How blockchain can automate procure-to-pay in the supply chain

In previous papers in this series, we’ve looked at the broad challenges faced in the supply chain, and at how blockchain technology can address them. We’ve also looked specifically at traceability, and at how blockchain can enhance transparency and accountability between supply chain participants.

Manuel Sevilla, Chief Digital Officer, Capgemini’s Business Services
Manuel Sevilla, Chief Digital Officer, Capgemini’s Business Services

This time we’re focusing on procure-to-pay (P2P) processes, which can cause significant problems for everyone in the supply chain. Frequently considered to be slow, inefficient, and prone to error, the P2P process is also exposed to reconciliation problems and the risks of fraud. In this paper, we will examine how blockchain can streamline and automate P2P processes by reconciling purchase orders, invoices and receipt of goods.

Purchaser challenges…

First of all, let’s consider potential issues in conventional approaches to P2P from the perspective of purchasers.

A need is identified. The purchaser seeks a supplier to fill it, and asks for a formal quote against which to raise a purchase order. So far, so straightforward. But it may be the wrong supplier – for instance, a company that isn’t approved to provide those goods or services. The quote details may be wrong – or they may be right, but they have been transposed incorrectly. This may result in errors in the address, in the price quoted, or in the quantities involved. It’s also possible the purchase order may have been raised, but not sent. It may have been raised twice, or sent twice, or both.

Next, an invoice is received. It may not quote the relevant PO number. In fact, there may not even be a purchase order at all, either because it has been lost in the process, because the supplier didn’t know the process, or because it is fraudulent. Alternatively, it may contain the wrong information, making it hard to reconcile with the corresponding purchase order.

A goods receipt is created, proving delivery to the purchaser. If it’s for raw materials, it might go to manufacturing on the factory floor. If it’s a finished product, it might be destined for a retail outlet for resale. But perhaps the goods receipt was handed over in a loading bay, and now it’s been lost. Or it doesn’t tally either with the purchase order or the invoice – the wrong product, perhaps, or the wrong quantity, or the wrong delivery address.

The matching process ought to bring everything together, ensuring that the purchase order, the goods receipt, and the invoice all correspond, not just in value, but in other details. But this may not be the case, and besides, the price quoted, accepted, and charged may not reflect a long-standing discount agreed between the purchaser and the supplier. Other contract details may have changed – and a key contact person from one side of the transaction may have moved on.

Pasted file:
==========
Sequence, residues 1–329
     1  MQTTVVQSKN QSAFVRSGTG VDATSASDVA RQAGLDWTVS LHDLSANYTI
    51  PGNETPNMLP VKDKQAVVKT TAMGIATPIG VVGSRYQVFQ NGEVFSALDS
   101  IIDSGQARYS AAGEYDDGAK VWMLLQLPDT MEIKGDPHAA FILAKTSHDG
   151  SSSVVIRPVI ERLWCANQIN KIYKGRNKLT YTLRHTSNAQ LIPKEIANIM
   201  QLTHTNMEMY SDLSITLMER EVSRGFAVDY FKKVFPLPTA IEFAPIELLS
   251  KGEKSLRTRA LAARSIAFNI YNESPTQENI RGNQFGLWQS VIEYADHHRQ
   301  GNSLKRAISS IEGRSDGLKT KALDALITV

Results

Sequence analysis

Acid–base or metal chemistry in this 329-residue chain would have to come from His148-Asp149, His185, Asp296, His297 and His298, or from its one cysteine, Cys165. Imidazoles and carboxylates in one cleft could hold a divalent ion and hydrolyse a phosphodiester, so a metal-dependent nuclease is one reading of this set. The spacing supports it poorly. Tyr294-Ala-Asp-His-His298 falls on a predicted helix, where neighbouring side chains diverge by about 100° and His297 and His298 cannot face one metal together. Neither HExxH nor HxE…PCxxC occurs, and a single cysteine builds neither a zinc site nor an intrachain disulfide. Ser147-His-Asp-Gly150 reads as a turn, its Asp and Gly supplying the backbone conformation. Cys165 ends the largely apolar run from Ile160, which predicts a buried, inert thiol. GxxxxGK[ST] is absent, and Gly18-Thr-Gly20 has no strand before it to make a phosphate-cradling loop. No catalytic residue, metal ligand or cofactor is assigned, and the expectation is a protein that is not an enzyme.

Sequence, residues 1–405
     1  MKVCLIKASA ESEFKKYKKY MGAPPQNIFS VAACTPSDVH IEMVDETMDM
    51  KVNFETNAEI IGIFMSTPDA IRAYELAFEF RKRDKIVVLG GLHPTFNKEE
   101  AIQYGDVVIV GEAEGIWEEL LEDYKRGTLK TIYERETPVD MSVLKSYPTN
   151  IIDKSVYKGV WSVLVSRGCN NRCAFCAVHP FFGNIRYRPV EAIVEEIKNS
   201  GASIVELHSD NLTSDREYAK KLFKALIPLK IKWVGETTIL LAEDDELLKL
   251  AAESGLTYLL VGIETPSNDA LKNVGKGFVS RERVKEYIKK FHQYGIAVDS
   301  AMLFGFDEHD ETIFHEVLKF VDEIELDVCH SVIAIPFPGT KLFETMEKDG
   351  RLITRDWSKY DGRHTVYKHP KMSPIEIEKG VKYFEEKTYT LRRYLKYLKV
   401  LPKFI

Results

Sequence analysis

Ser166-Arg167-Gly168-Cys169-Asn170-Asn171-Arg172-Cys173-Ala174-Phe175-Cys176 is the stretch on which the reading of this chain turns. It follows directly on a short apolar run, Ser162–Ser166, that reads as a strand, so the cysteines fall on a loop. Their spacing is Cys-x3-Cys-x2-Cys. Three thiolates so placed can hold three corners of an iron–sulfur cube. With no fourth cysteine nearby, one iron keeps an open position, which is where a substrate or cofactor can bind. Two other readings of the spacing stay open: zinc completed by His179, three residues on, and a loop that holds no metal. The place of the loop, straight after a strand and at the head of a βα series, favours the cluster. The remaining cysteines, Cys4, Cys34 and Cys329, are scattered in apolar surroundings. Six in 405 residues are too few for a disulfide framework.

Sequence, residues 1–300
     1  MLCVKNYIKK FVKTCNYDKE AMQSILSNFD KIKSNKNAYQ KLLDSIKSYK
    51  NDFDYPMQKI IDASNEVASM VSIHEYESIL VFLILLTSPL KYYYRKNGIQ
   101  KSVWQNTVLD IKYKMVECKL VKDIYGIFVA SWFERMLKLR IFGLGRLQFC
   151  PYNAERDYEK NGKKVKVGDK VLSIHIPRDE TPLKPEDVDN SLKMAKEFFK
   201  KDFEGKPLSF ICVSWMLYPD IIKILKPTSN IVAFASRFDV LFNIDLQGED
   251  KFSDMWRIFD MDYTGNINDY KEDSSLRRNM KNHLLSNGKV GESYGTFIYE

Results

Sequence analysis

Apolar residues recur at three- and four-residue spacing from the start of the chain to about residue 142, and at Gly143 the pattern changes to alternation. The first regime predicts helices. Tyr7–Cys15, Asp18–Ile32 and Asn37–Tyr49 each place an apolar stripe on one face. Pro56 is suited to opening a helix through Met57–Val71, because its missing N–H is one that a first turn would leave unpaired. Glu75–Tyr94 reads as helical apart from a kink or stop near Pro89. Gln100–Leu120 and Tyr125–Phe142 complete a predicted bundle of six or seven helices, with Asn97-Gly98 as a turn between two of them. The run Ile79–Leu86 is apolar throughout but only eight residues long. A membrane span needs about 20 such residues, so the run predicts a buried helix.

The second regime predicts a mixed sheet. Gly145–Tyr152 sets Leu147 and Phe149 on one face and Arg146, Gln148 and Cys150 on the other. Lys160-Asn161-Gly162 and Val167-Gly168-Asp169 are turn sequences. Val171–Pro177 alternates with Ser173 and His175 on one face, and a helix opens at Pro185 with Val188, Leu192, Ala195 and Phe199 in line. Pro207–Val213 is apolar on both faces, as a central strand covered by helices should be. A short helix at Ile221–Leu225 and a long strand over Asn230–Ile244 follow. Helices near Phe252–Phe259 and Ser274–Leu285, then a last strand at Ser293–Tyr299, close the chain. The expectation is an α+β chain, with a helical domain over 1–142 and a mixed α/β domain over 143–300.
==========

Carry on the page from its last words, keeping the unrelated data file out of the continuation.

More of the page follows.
Finally, there’s the payment stage. All the paperwork thus far has checked out, but now it’s discovered the supplier’s IBAN (bank account details) are wrong. Or the wrong value has been transcribed into the payments system. Or the bank has rejected the payment for some reason. Or it transpires that, rightly or wrongly, the supplier is currently on a blacklist, and even though goods have been received, payment can’t be made.

… supplier challenges…

All of these issues can lead to potential interruptions to the purchaser’s receipt of goods or services. For suppliers, however, the problem might be the far more fundamental one of disruption of income.

Regardless of where responsibilities for problems may lie – with the purchaser, or elsewhere – these various issues are pretty much replicated for the supplier. From this side, they are no longer P2P processes, but order-to-cash (O2C) matters. Once again, there may be errors with the purchase order that prevent the supplier from initiating the delivery of goods or services. The supplier’s own accounts team might make a mistake when raising the invoice, issuing it in the wrong currency, for instance. There could be problems with what was delivered and to where, and also, as before, with the corresponding goods receipt.

The payment recovery process could be impeded by document mismatches, or by those discount discrepancies we mentioned just now. In fact, this could be a bigger issue than it sounds: the bigger the supplier and the purchaser involved, the more discount options there are likely to be.